After some steeper scrambling down the Ammonoosuc Ravine Trail for 3 miles, we arrived back at the base of the Cog around 4pm. It was some solid trail time with Baba after a good year hiatus from hiking together.
We arrived at the base only to learn that the 3:30pm trail was delayed due to mechanical issues. It was soon fixed and Kristine, Ken, & Dianne arrived at the base around 4:45pm. Apparently, Kristine overheard a group on Washington’s summit talking about some pregnant lady hiking up Washington. We all thought that was funny. Baba then took us to an awesome river spot for some cliff jumping. The cliff itself was likely only 25′ high, but boy was the water cold. I don’t think Baba had done this jump before so I was glad to do it with him.
The next day (Saturday) Lizzie competed in and placed 2nd in her age division in the local Top Notch Triathalon! She really did extremely well and was very impressive. As I cannot bike or swim well at all, I asked her if she wanted me to run along with her up Cannon Ski Mountain as the third and final leg of the triathalon. Lizzie thought that would be a great idea and that she would love for me to be alongside her for support and motivation. So, that’s what I did. I held her water bottle and some energy gels and ran with her up the 2,000′ of vertical gain to the finish line at the ski mountain’s summit. It was an honor to be with her and was very fun. I hope me being there beside her helped her to go a bit faster. She didn’t need me at all. It was just fun to be with her. As we didn’t really know if a “pacer” was legit with the triathalon’s rules, I ditched out before the finish line and met her up top. Baba, Kristine, and the kids took the tram up to the summit and we all congratulated Lizzie. We even ran into the really good friends of the Oelbergers, the Muchards, at the race as their daughter and son-in-law were competing as well.
After saying our goodbyes to our really good friends, we left for Maine and the Oelberger Residence arriving at around 8pm that Saturday evening. Sunday was a relaxation day and we had a great cornhole tournament with Ken, Dianne, and three of their good friends in the afternoon. On our last day in Maine, Kristine & I got up early and drove an hour to Booth Bay Harbor to catch a ferry to Squirrel Island and visit our great friends Chris & Kate Danforth. Chris & Kate spend their summers at the Danforth house with their kids Harper & Afton. Harper is now 8 years old and is a climbing monkey. I had never been to Squirrel and visiting this fairly private and secluded island was a special treat. Kristine had visited Kate here before. There are only about 100 homes on the island, a small post office, ice cream store, a library, a few tennis courts, and a church. That’s about it. The island is pretty small with a perimeter of about 2.5 miles around the shoreline that resembles the body shape of a squirrel facing west. Pretty much everyone walks everywhere and everyone seems to know everyone. It was the kind of small community I just love. Houses rarely come on the market and they are passed down generation to generation. I believe there is only one lot for sale too. Chris’s parents actually met on Squirrel Island as both of their families had homes on the island. It is really a special place.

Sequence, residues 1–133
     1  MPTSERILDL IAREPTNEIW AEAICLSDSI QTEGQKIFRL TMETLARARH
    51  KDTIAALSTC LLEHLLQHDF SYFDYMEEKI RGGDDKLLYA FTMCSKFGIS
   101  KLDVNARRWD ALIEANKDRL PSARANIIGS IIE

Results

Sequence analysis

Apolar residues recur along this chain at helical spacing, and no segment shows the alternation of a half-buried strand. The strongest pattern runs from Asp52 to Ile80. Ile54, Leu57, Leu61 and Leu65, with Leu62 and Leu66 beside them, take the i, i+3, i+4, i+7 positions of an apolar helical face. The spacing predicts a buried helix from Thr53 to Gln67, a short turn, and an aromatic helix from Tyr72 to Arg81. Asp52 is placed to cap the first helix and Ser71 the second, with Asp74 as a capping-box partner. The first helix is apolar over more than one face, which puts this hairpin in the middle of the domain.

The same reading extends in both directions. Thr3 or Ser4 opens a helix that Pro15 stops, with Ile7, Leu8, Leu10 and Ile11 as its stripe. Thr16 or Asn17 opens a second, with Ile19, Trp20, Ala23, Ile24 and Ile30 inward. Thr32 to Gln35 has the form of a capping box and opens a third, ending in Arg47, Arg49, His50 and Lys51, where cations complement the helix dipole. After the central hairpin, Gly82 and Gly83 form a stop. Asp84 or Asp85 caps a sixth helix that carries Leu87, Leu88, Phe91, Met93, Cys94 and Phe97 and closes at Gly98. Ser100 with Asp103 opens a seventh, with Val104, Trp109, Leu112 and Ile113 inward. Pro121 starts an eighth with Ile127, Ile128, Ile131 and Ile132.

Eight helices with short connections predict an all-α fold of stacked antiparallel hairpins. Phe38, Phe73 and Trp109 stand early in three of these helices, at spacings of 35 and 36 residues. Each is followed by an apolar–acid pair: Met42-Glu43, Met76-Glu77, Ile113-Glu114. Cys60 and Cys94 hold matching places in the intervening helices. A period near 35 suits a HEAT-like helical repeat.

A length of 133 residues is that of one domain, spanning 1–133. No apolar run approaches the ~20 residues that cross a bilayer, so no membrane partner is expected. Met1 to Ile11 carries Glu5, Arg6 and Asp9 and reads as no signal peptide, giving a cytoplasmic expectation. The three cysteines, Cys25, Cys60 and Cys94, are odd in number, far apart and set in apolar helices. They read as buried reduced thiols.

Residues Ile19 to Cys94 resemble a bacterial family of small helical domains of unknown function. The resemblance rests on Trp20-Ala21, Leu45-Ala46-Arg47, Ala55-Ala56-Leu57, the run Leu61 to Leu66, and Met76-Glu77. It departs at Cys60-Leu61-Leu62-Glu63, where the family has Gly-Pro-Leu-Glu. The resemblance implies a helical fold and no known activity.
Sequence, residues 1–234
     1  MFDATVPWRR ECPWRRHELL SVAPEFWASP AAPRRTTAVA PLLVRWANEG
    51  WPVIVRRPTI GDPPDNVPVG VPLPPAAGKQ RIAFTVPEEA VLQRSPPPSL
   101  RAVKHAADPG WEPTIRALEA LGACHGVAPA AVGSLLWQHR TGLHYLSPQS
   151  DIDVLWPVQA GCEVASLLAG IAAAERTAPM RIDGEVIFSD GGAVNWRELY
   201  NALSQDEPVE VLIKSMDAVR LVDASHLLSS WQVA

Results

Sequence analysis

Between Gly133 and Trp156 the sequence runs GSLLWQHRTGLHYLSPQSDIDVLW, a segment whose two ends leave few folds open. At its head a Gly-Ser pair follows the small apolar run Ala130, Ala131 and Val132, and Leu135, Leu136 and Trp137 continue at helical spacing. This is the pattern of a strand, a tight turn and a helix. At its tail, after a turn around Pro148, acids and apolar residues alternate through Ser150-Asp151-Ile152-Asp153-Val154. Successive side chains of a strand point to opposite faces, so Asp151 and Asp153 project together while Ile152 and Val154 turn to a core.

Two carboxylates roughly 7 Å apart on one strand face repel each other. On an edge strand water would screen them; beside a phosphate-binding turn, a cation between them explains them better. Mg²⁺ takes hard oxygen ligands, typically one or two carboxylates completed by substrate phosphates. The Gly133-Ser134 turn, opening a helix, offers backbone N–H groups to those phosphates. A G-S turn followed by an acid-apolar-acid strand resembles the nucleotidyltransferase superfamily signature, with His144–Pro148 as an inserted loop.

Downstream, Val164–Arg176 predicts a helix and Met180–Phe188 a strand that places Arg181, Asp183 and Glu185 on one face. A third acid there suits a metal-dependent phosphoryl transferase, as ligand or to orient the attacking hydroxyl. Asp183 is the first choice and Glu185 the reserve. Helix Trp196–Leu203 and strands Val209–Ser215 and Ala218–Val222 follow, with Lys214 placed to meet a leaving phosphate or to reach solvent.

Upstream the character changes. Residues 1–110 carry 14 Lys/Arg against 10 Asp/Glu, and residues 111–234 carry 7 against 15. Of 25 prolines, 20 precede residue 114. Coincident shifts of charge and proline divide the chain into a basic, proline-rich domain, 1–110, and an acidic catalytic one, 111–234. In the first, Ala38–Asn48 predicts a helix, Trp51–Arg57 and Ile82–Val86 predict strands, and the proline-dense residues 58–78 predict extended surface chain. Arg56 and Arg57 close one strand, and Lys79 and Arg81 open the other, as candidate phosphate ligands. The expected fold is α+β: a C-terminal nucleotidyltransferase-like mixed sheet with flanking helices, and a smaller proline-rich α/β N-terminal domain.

Chris took me on his daily ritual – his island “rock hop” run around the rocky/slabby coastline of Squirrel. It was so much fun following Chris on this awesome run. Its basically a combo of trail running and scrambling over rocks for 2.5 miles. I think we did it just shy of 30 minutes, which was a decent time considering we were moving pretty fast yet still chatting and he showed me a few cool spots including a cliff jump along the way. After building a good sweat, we met Kate, Kristine, Harper, and Afton on the beach area and went for a much needed swim. Its too bad Chris and I live across the country from each other. I think we all feel like the two of us are like peas and carrots. Its great. Chris & Kate cooked us an awesome lunch of BBQ chicken and caprese salad. Yum. We then went on a boat ride with Captain Kate at the helm and then walked over to the cliff jump.
Apparently there was a dead seal near the cliff jump, but we didn’t see it. Anyway, Chris and I jumped while the ladies and Afton watched. It was a great jump into the ocean. Two videos of Chris and I jumping below:
Later on that day, Chris and Afton took the boat around the island to the cliff and saw the seal carcass. It was literally 10 ft from where we jumped in. Glad we didn’t see it at the time! After some more beach time, we showered up and caught the 5:40pm ferry back to Booth Bay harbor. Again, it was sad to leave our good friends and such an amazing place, but feel fortunate we were all able to spend a great day together. We look forward to future adventures and time together with Chris & Kate and their awesome kids.
All in all, one of the best trips back to New England we have done. Seeing family, reuniting with great friends, and experiencing great places all helped to make this a special trip.